I'm always one for starting small, working with what is, so I can get down with that. Pause in the jangled rush of the day. That's why I like Comma Coffee in the first place. So that's it. I'm hangin' with it. No decision at the moment. Goin' with the flow. But I did let Mr. Lee know that, as he makes camping plans for what's left of the summer, I've got my eye on that date.





Bird Park, Sunday morning


As I've mentioned before, Minverva and her companion are not the only old birds that frequent the Bird Park but I have been watching them the longest. Minerva was quite the champion last year when she drove off a Magpie hassling a flock of smaller birds trying to eat at the feeder. This spring, I was shocked to see how much she aged over the winter.

Another old bird showed up here this morning, a small black one. Even its legs were spindly and that's saying something as all bird's legs are spindly anyway. Like the other old birds that come here, she had the ragged feathers, tottering gate and was just generally the worse for wear. I like to think that any old bird that finds its way to the Bird Park must be especially delighted knowing what a hard place the desert can be. The young ones who come here right out the egg have no idea.

Minerva and her companion with the wild feather sticking out of one of her wings just left. I tried capturing a little video of them for your viewing pleasure but, although they don't mind me watching them from my window, the second I raised my camera, off they went. Birds.


Bird Park, Sunday morning





Saturday, July 7, 2007

Mirrors and oracles


I don't leave important decisions up to oracles anymore than I leave them to the face looking back at me from the mirror but I do use both to study what I already see. So, while sitting here at Comma Coffee, I consulted the I Ching about what is the correct path for me to take regarding 5th Friday at this time and got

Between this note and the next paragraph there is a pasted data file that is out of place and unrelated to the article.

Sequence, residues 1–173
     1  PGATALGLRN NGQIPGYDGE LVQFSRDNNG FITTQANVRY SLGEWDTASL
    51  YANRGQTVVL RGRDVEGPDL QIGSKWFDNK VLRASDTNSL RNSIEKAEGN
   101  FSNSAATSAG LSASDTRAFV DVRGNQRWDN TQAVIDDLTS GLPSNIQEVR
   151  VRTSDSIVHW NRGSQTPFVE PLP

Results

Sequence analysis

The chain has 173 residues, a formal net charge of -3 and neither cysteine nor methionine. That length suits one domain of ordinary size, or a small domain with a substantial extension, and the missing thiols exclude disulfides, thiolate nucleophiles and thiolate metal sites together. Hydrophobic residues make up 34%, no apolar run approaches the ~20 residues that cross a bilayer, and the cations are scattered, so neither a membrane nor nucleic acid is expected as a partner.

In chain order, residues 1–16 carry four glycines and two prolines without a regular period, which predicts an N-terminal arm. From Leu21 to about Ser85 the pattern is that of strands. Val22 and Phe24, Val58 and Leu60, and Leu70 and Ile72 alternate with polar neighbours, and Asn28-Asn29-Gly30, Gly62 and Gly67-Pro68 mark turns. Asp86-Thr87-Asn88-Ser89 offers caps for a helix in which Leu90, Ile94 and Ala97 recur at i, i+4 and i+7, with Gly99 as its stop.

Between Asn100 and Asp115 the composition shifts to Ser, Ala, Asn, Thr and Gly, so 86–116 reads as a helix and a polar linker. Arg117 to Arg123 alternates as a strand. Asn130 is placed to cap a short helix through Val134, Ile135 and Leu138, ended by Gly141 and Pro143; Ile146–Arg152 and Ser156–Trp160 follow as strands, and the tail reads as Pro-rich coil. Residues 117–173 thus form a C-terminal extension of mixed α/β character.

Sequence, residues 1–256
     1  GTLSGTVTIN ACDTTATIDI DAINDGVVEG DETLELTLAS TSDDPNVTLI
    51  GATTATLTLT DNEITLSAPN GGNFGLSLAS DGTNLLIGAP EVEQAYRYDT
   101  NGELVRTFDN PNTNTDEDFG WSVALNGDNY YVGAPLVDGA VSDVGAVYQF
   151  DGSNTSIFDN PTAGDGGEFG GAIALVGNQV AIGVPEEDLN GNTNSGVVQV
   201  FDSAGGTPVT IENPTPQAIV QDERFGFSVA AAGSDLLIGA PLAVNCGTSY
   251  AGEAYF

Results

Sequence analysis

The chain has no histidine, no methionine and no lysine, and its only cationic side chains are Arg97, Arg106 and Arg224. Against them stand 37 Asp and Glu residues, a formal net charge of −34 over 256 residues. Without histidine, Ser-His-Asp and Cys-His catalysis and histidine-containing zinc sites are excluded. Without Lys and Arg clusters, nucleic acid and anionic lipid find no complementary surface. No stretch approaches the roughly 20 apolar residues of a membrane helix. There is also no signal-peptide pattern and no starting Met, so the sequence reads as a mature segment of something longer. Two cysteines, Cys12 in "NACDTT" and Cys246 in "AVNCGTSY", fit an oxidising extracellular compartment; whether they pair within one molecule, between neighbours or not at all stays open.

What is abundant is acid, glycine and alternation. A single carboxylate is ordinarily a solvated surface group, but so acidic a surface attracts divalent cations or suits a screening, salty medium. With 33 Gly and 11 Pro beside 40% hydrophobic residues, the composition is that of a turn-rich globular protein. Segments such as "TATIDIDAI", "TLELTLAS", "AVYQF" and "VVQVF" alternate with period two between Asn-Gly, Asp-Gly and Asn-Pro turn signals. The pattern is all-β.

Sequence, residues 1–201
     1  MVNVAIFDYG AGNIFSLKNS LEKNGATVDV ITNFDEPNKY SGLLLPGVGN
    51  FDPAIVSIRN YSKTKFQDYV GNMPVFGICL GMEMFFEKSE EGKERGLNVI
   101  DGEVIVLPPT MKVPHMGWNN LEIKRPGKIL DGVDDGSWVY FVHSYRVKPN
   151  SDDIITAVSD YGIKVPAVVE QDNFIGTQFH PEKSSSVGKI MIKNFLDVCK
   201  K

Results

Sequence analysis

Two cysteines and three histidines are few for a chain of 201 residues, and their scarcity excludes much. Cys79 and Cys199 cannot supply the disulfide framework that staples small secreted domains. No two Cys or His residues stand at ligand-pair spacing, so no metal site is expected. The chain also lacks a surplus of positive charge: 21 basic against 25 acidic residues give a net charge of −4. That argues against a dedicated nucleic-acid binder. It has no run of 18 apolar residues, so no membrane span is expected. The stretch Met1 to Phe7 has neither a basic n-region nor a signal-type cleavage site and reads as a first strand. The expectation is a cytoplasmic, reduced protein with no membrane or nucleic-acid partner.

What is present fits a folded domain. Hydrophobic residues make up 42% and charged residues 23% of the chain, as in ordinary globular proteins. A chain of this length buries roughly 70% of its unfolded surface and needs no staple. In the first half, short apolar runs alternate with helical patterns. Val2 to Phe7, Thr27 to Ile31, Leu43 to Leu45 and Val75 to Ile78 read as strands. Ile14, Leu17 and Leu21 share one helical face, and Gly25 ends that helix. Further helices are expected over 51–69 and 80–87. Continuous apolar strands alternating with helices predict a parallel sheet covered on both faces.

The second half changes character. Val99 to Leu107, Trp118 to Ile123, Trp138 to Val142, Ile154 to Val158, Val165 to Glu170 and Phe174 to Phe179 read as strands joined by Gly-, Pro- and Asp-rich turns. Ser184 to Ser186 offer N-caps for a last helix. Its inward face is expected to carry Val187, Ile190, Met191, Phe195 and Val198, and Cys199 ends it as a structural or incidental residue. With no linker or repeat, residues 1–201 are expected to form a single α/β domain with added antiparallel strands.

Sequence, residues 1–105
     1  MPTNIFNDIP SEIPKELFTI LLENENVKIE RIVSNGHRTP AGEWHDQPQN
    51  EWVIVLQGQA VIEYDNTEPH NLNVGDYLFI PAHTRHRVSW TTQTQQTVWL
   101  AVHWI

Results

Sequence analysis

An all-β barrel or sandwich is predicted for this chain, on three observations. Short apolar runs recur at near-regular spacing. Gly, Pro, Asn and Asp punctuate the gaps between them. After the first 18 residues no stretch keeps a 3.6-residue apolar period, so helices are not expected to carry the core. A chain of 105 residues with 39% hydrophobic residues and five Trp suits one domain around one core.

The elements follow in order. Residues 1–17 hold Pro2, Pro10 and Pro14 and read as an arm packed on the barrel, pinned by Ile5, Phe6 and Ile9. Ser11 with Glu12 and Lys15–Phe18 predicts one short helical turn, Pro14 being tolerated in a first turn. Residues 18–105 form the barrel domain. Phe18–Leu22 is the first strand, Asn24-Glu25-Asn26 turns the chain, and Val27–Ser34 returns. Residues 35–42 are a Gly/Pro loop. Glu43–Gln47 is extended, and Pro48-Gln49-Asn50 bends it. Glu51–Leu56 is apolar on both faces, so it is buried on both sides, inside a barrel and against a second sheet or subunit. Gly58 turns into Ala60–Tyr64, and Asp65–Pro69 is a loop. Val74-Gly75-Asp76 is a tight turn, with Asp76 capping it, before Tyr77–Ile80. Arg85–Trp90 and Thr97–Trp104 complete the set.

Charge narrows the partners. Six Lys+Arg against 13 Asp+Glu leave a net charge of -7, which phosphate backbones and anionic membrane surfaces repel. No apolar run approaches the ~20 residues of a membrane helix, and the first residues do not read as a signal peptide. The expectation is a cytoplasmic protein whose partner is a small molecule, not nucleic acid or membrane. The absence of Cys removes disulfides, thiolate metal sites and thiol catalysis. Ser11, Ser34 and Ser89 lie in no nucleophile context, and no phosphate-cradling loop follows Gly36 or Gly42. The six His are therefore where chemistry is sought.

Return: Not far and returning without respecting aversion. Good fortune.

changing to

Removal: Removing something. Before this is doine it is not practical to make plans.

All which is to say that letting it go at this time feels right. Like tossing a coin, it's how one feels about the toss, not the yes or no attached to a particular side, that one needs to pay attention to. Sometimes a timely retreat is the best way forward.




Impeach Cheney


IMPEACH CHENEY!

More Bob Geiger cartoons here.


Have some fun!

It takes a second.

Sign the petition here.





Poe's law




Sadly true. Poe's law from the Urban Dictionary:

"Without a winking smiley or other blatant display of humor, it is impossible to create a parody of Fundamentalism that SOMEONE won't mistake for the real thing."




Friday, July 6, 2007

5th Friday photos & slideshow



Comma Coffee before the show


Here are a few quick and dirty shots of the 5th Friday performance we hosted at Comma Coffee the other night. There was a good turnout. Four Ash Canyon poets (they were wonderful) read during the open mike segments. The music was good. There was dance, drama, poetry, weird fiction, comedy. Pete the dog, one of the audience members, sat up and watched Scot Sarni's rendition of Hamlet, the only non original work in the show, but slept through most everything else.



Every time I turned around, Lucky Pierre was sitting somewhere else.


Sound techs Krystina & Hal Caywood and Mr. Lee.



Rita Geil, Mistress of Ceremonies.


Susan Botich


Asha reading Anna Sadhorse from Reddog Review #3.



Monsieur La Chance, Lucky Pierry, Pete the Dog, Hal the sound guy.